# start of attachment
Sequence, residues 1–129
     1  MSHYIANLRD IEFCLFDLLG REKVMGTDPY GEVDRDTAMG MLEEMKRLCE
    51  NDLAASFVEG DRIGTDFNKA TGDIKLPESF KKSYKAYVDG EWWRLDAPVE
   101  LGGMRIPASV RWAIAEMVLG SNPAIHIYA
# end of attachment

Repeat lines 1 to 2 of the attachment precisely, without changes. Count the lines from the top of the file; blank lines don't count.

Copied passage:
Sequence, residues 1–129
     1  MSHYIANLRD IEFCLFDLLG REKVMGTDPY GEVDRDTAMG MLEEMKRLCE